I bought the biggest window air conditioner that ran on 120V, and installed it through the wall. I put a timer on it to turn it on a couple of hours before I got home every day. I accomplished a lot more in the garage after that.

  • avatar
    brettc

    I currently have a 24 x 30 garage, but it has some problems like a severely heaved floor and part of the front wall needs repair.

    This summer I’m finally going to fix it, which includes getting the floor re-poured, fixing the wall, insulating it, re-doing the wiring, replacing the garage door and new siding. I’ll be happy to just have a non-cracked floor and be able to go out and not freeze my butt off in the winter, since I try to schedule car maintenance in the warmer months now.

    If I could spend close to $17k, I would get a lift, epoxy the floor and probably spend a lot on tool storage and organization.

  • avatar
    ajla

    I agree with the lift, air compressor, tools (obviously), and flooring.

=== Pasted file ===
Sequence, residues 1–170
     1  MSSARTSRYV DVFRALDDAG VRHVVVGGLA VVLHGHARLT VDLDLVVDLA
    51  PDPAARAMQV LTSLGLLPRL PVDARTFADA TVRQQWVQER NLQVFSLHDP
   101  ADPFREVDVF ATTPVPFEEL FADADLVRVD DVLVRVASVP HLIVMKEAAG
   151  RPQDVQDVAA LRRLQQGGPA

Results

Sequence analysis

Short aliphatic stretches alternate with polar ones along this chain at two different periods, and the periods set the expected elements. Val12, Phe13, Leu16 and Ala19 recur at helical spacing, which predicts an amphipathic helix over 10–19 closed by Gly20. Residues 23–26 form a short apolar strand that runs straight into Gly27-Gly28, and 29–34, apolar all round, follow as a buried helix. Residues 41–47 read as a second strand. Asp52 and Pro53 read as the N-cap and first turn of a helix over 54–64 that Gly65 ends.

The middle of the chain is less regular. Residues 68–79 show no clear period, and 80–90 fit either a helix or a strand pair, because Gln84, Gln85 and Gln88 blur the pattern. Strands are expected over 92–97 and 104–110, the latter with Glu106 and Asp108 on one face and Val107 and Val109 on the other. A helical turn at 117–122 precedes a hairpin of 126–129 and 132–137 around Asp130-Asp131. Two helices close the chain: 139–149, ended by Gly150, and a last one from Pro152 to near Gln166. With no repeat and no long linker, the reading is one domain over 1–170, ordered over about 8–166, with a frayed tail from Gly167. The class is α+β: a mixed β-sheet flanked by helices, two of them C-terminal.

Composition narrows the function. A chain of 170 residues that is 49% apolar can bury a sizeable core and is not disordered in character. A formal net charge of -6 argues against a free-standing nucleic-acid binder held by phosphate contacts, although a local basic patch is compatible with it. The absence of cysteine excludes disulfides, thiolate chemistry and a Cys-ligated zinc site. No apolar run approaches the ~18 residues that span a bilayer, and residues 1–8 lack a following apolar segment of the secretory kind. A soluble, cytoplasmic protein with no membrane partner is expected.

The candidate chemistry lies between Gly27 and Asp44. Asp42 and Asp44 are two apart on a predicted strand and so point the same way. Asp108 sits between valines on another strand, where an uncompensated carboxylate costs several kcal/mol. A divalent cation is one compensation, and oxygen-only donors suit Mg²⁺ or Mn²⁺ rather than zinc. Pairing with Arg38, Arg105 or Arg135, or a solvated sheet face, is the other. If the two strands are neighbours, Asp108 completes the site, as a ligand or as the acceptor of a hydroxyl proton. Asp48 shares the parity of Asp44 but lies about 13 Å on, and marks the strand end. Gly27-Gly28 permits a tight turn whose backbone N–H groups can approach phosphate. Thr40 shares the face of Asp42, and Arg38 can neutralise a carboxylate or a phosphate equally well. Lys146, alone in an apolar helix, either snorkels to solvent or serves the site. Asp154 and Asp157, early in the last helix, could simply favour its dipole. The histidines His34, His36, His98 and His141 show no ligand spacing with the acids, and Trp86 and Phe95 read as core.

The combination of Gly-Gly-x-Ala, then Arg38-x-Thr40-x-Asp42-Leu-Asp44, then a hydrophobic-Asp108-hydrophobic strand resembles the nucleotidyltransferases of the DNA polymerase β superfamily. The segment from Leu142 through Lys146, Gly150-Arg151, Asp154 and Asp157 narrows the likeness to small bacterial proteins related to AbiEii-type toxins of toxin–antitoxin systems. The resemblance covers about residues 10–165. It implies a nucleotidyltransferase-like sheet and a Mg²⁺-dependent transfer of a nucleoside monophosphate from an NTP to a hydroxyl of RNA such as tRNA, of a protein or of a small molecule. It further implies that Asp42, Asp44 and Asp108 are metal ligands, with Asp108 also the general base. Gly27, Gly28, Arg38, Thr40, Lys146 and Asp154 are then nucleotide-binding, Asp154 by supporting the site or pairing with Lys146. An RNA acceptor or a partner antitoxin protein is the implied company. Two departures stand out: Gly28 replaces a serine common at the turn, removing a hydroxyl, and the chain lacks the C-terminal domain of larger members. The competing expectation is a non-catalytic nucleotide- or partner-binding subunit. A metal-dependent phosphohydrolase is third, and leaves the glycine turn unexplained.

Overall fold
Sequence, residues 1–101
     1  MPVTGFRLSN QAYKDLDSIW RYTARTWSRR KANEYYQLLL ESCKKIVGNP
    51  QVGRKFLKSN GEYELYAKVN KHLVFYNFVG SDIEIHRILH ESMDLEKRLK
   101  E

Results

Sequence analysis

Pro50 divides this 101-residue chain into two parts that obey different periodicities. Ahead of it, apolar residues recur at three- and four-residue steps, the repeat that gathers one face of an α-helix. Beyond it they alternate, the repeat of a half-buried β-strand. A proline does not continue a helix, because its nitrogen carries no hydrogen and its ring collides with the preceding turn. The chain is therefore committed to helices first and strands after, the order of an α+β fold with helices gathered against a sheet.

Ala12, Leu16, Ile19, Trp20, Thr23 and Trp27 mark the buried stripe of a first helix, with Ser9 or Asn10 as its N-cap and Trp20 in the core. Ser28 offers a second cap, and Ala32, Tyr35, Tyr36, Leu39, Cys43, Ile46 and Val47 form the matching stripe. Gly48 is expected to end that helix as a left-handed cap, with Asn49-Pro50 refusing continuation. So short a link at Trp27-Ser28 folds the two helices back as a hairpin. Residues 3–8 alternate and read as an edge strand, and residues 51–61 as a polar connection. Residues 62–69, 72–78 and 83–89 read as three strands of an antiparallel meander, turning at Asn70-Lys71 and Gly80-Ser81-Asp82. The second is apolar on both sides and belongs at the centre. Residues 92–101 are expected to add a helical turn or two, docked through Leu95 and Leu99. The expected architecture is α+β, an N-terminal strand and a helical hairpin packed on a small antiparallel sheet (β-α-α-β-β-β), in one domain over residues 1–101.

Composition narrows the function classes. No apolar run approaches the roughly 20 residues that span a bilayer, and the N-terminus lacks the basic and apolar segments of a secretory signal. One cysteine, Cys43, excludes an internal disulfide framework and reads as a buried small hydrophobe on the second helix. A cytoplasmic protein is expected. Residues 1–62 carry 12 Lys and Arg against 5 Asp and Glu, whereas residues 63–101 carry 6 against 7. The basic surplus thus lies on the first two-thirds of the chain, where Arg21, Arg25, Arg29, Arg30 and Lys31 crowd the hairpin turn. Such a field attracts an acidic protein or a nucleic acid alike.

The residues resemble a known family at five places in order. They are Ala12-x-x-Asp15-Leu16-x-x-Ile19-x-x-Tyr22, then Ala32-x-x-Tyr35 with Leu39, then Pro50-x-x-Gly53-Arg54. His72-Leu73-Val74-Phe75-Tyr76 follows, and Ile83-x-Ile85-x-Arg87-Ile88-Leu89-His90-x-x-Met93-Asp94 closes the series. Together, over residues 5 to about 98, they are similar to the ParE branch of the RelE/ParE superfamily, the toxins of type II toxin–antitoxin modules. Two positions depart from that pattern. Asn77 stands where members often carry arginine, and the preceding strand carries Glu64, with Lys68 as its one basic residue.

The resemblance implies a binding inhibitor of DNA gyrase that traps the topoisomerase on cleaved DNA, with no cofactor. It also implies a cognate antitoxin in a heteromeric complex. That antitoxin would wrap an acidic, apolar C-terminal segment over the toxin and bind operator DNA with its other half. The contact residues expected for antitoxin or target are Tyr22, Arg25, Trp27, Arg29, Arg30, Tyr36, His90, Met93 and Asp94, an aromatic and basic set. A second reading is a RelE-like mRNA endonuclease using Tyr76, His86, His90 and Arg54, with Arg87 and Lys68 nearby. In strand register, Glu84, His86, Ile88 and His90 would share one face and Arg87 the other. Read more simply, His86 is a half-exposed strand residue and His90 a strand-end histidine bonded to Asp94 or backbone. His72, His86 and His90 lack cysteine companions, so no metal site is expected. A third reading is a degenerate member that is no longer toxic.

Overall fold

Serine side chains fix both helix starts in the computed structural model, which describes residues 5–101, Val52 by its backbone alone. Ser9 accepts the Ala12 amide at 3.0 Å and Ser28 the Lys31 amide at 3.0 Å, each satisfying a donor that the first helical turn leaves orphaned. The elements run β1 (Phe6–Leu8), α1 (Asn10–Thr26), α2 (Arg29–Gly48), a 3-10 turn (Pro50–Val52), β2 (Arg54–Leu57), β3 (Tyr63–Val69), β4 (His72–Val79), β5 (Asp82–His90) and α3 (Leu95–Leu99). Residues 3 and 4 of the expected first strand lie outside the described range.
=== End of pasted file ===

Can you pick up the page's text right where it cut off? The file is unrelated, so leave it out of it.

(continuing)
However, I’d exchange the fancy toolboxes, tire machine and video game stuff for paint respray equipment, a hydraulic spring compressor, and a floor drain.

  • avatar
    TR4

    My dream garage would include a paint booth and supplied air respirator equipment for spraying today’s toxic paints.

  • avatar
    stingray65

    The garage in the picture looks nice, but that $16,000 budget is just not enough. Thus the best solution for me would be sell my delivery mileage F40 or perhaps my Dietrich Packard 12 roadster and use the proceeds to build something like the picture, only bigger.

  • avatar
    87 Morgan

    I am shopping for a four post lift now for my garage. I really dislike parking a car outside. I figure I owe it to myself for the amount of wrenching I do in my garage that would require me to pay someone else. probably a push and I enjoy it.

    But, the basics are a lift 2 post for working and a four post for storage. Tools and what not. You can blow through a 16k budget pretty quick. Though, you can find used two post lifts for a reasonable prices, very hard to find second hand four post lifts I am learning.

    • 0 avatar
      arach

      You can use a 4 post for working OK too. Their are body lift jacks that allow you to lift the body off the wheels, so you can probably get by with just a 4 post… plus they are safer IMHO for a novice